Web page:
Realm, schmealm!

ian at hixie.ch ian at hixie.ch
Thu Aug 1 10:32:20 PDT 2013


On Thu, 1 Aug 2013, Boris Zbarsky wrote:
> On 7/31/13 10:35 PM, Mark S. Miller wrote:
> > This seems like a bad bug in the html5 spec. Is there any public 
> > discussion explaining why the currently speced behavior should be 
> > considered acceptable?
> 
> "It's simple and implemented by the majority of UAs" is the main reason 
> as far as I can tell.  Ian is not going to spec something people are 
> unwilling to implement, because that would make the spec pretty 
> useless... and I can definitely understand his position.  The best way 
> to make progress here is to get UAs fixed.

Pretty much.

Personally I'd like to drop document.domain entirely, but that's not going 
to fly any time soon.

Note that it's not a bug, per se. There's no direct security benefit to 
cutting ties between two documents that used to be connected when you 
apply document.domain to disconnect them. It provides a defense in depth 
for the (likely, as it turns out) case where there's some other bug that 
means that two cross-origin pages can accidentally end up being considered 
same-origin for some reason and get hold of each other's objects, but if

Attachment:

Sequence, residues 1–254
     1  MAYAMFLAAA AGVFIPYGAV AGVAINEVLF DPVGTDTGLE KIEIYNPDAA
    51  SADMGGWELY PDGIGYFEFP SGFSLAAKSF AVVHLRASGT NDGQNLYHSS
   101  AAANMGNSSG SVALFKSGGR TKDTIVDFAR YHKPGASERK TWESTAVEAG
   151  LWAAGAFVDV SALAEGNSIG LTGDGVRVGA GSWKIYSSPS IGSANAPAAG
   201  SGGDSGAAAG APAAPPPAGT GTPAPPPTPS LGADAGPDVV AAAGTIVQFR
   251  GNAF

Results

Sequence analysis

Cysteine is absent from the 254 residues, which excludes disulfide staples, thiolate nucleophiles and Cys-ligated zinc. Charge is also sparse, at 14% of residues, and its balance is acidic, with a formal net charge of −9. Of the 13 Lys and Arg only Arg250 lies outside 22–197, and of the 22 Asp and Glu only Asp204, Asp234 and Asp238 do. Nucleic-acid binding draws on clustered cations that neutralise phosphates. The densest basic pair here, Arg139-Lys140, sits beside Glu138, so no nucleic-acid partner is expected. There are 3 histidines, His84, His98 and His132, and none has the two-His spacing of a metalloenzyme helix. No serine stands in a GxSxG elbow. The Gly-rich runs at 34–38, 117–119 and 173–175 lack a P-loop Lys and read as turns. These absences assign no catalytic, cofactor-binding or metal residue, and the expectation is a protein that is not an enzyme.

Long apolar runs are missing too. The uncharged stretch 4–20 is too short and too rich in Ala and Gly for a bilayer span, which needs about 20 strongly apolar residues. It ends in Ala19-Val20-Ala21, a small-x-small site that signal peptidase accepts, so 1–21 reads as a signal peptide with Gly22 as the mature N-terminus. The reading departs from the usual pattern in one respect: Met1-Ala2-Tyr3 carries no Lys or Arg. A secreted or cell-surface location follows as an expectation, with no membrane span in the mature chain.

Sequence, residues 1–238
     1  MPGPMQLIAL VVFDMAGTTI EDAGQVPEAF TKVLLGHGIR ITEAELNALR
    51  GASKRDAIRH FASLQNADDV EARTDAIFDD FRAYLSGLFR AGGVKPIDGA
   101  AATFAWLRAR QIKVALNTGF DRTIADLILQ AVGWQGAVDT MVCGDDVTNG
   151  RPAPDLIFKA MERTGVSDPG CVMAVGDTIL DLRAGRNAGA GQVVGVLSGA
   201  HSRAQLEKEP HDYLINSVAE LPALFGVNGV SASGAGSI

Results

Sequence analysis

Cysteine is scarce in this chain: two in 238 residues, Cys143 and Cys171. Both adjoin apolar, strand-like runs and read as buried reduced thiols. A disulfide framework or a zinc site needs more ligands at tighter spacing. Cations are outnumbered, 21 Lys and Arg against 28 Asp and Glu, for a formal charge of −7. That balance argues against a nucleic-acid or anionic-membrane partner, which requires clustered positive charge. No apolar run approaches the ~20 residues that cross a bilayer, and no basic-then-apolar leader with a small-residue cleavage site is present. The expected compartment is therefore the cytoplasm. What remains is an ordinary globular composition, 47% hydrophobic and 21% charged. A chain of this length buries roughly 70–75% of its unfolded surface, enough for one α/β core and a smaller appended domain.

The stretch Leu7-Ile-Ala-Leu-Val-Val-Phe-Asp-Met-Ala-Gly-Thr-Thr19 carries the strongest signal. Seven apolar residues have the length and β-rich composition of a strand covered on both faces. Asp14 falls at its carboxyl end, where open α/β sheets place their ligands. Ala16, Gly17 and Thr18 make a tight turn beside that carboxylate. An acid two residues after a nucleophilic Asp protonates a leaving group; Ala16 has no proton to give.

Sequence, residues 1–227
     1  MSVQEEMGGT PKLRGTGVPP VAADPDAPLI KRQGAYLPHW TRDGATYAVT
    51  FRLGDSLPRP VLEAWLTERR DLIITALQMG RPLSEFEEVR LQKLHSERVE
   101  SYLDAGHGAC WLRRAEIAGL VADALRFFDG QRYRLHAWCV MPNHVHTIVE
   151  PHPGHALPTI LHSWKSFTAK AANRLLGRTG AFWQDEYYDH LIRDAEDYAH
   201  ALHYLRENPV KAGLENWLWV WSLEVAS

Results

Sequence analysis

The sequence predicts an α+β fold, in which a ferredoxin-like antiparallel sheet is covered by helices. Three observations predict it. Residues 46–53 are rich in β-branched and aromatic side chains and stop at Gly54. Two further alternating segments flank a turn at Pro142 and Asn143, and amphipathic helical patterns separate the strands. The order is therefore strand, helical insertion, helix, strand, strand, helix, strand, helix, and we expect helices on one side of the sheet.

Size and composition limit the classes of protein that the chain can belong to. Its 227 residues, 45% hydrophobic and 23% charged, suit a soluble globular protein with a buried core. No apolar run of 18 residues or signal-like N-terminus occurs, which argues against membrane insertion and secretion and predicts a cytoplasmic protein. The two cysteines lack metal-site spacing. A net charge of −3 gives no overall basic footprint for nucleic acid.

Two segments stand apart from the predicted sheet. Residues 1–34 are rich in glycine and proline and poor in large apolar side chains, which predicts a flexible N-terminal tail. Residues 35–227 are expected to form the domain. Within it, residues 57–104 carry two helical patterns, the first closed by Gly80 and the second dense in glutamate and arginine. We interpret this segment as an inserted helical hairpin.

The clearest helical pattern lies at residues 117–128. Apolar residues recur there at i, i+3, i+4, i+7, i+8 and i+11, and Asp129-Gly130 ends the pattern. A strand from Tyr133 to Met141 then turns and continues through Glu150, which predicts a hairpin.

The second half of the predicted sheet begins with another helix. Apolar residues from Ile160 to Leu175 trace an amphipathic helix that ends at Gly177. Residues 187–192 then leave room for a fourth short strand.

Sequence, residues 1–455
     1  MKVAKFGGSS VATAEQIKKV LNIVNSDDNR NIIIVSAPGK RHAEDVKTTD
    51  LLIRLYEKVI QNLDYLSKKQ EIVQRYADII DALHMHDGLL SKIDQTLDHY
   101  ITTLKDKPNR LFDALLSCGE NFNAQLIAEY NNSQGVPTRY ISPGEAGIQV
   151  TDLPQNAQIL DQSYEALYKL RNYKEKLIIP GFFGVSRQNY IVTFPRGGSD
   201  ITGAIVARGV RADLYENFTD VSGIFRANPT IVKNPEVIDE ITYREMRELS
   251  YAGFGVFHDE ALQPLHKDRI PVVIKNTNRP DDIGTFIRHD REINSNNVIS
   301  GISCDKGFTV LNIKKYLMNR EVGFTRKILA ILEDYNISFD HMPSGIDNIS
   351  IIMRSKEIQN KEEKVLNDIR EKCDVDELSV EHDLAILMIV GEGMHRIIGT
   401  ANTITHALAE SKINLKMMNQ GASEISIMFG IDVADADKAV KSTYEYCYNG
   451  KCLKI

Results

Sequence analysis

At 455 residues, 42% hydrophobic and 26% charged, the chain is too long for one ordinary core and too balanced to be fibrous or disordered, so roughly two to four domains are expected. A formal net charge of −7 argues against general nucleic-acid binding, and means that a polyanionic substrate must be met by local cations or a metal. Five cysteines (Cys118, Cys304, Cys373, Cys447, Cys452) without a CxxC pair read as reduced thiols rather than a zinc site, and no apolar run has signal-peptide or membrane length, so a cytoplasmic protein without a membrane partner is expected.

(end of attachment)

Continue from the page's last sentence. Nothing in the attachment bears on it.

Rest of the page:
you assume that browser is implemented perfectly per spec (modulo some 
issues we're currently working to fix), you're not going to introduce any 
vulnerabilities by not doing this.

document.domain and the effective script origin concept introduces all 
kinds of problems unrelated to security that it would be nice to get rid 
of. For example, they limit to what extent you can isolate pages into 
different processes, because you have to worry about the full set of 
origins that could ever become related by document.domain (the spec has 
the term "similar-origin" to handle this, in fact).

Also, note that the Gecko approach to this isn't the only way to approach 
this defense-in-depth problem. Another way would be to do process 
isolation at the browsing context level (i.e. make it possible for iframes 
to be in their own process), and then have one process per group of 
similar-origin browsing contexts. That actually gets you closer to what 
the spec says (closer to the legacy model) than the Gecko approach, while 
still having a pretty solid defense against accidental leakage of 
cross-origin objects (arguably a stronger model, since you can actually 
prevent the entire process from having access to the data of other origins 
at the OS level, rather than just enforcing it at the JS level).

-- 
Ian Hickson               U+1047E                )\._.,--....,'``.    fL
http://ln.hixie.ch/       U+263A                /,   _.. \   _\  ;`._ ,.
Things that are impossible just take longer.   `._.-(,_..'--(,_..'`-.;.'


More information about the es-discuss mailing list